By Lobsang Wangyal
AMSTERDAM, The Netherlands, 28 September 2016
Amsterdam is a global village, to which tourists flock from around the world for its famous coffee shops and the red light district. But these are not the only reasons. It is also about the history of the city, how it has been built with canals connecting the entire city, the architecture, the festivals, and the art including the wooden shoes. Dutch food may not be very well-known but the cheese definitely is, and the beauty of the tulip flowers.
At the end of April on the King’s Day (used to be Queen’s Day until a few years ago), the whole country becomes orange in celebration. Then the already good vibes in Amsterdam multiply many times, becoming great vibes.
Among many notable persons — artistes, scholars, and athletes — from Amsterdam was the young Jewish girl Anne Frank. She lived most of her life in or near Amsterdam, where her family took refuge to escape the Nazis in Germany. and wrote her famous diary here while in hiding from the Nazis during the Second World War. Her hiding place is now a museum, with tourists from all over the world thronging to it everyday.
Over the years, hundreds of Tibetans have also taken refuge in the Netherlands, with around 1,000 Tibetans who have come and settled there, and most of them live in Amsterdam.
One of these, who sought refuge here and made the city his second home (third actually), is Nawang Gyalwa. He was born in Sog Dzong in eastern Tibet, escaped to India in 1996, and lived there for a few years before moving to the Netherlands.
“I came here in 2001, and sought asylum after coming here. I soon got the papers, and started working at a company. I later ran a restaurant in partnership with two other Tibetans,” was how Gyalwa introduced himself.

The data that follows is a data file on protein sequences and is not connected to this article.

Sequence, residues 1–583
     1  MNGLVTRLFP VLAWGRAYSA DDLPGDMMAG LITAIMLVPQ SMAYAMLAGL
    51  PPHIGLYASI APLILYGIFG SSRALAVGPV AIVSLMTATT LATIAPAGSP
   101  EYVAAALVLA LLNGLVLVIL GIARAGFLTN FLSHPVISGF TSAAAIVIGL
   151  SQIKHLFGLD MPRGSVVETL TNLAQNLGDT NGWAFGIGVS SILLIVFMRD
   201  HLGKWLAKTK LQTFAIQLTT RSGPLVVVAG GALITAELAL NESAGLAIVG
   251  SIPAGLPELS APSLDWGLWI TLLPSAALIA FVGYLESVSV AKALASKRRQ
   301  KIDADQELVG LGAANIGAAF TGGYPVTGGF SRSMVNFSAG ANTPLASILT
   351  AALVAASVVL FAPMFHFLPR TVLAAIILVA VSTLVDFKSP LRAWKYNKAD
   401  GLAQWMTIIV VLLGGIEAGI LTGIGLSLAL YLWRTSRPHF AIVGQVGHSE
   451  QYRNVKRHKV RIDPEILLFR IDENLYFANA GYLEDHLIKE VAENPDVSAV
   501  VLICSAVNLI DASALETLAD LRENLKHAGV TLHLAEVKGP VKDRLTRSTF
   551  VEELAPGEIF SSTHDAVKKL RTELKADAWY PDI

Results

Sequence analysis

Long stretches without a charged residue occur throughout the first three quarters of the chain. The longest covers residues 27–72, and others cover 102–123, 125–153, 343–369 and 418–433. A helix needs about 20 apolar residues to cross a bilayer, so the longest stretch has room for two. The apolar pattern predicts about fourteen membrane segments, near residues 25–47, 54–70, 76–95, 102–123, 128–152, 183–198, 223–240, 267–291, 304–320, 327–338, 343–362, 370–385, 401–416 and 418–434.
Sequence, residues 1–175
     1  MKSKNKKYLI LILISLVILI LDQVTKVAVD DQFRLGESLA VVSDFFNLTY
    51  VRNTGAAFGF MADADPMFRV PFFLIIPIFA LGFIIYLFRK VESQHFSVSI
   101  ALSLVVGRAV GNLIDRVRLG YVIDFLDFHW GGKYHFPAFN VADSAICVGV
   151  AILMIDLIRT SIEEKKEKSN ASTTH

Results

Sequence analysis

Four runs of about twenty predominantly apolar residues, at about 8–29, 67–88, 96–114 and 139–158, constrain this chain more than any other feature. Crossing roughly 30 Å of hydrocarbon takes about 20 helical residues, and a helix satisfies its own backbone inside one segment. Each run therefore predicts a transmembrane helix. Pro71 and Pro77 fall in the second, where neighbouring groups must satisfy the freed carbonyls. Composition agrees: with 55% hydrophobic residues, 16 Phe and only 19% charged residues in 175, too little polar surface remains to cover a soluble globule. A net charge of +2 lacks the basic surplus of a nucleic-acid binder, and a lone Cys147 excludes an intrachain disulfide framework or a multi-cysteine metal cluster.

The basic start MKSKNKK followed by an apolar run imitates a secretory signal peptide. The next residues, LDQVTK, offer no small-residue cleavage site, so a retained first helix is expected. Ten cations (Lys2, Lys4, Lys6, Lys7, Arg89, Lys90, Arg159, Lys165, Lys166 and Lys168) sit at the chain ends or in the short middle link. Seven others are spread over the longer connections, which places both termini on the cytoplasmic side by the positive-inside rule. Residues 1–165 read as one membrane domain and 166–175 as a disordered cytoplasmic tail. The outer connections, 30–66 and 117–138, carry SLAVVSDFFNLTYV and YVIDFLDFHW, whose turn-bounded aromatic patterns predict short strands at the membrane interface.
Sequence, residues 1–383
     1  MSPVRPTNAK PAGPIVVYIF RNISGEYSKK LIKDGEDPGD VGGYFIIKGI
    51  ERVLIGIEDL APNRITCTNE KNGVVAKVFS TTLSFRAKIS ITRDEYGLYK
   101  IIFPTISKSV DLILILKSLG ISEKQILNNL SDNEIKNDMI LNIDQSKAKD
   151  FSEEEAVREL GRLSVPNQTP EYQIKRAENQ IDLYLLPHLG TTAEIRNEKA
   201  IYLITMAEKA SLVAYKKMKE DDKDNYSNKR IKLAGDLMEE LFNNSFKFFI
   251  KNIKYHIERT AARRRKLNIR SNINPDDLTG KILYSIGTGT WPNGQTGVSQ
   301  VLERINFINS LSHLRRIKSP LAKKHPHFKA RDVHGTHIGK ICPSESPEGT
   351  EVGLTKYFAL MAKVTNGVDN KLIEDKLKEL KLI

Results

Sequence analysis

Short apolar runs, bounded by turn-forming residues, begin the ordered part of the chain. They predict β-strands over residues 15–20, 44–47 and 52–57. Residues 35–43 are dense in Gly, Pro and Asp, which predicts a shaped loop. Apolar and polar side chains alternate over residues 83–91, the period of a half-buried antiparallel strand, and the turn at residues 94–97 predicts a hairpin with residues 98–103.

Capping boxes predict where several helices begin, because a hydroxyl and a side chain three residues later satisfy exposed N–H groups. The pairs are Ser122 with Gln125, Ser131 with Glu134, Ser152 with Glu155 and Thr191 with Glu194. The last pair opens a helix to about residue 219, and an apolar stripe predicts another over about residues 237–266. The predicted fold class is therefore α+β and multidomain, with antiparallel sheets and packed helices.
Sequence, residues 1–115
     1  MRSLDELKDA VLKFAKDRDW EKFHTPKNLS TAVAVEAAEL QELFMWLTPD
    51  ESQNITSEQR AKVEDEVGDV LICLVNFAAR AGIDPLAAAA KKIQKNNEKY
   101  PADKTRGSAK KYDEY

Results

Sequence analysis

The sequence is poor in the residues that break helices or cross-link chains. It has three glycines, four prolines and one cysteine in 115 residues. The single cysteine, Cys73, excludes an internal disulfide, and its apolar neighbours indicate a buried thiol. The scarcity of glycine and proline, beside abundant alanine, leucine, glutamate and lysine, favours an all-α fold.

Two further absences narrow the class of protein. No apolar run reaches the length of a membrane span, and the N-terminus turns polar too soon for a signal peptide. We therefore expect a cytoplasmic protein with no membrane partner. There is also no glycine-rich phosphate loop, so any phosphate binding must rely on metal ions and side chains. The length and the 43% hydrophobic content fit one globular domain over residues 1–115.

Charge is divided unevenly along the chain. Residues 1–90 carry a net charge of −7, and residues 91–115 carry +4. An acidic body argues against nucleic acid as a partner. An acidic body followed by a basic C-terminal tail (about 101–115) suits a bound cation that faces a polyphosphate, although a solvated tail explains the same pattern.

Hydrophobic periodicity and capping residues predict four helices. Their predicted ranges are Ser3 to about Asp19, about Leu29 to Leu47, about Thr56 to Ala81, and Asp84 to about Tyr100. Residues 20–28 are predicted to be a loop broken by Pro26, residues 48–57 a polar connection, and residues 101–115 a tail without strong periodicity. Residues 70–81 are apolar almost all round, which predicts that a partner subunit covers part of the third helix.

“While seeking asylum, one has to speak about one’s problems. If you speak honestly about your problems, you will get asylum here. I spoke about the problems in Tibet.”
During the interview, Gyalwa was initially not able to speak, as the process reminded him of the Chinese police interviewing him in Tibet — which leads to beating and torture. “The translator was not understanding what I was saying, and I was not able to speak properly. But when the translator explained he was not able to understand what I was saying, I realised that I was not in Tibet, but in another country.”
He then started telling his story making the case for asylum. “As I went on speaking, I even showed the interviewer how the Chinese police would beat Tibetans.”
“I thanked the interviewer for asking questions humanely, and wished him well.”
He explained that the Dutch government has been very supportive in providing asylum for Tibetans. The few who weren’t able to get asylum recently went to France.
At the beginning he was on welfare, living on government funds, but was soon able to support himself working in a private company as a stock-checker. He eventually became part owner of the restaurant, and is now also one of the cooks there.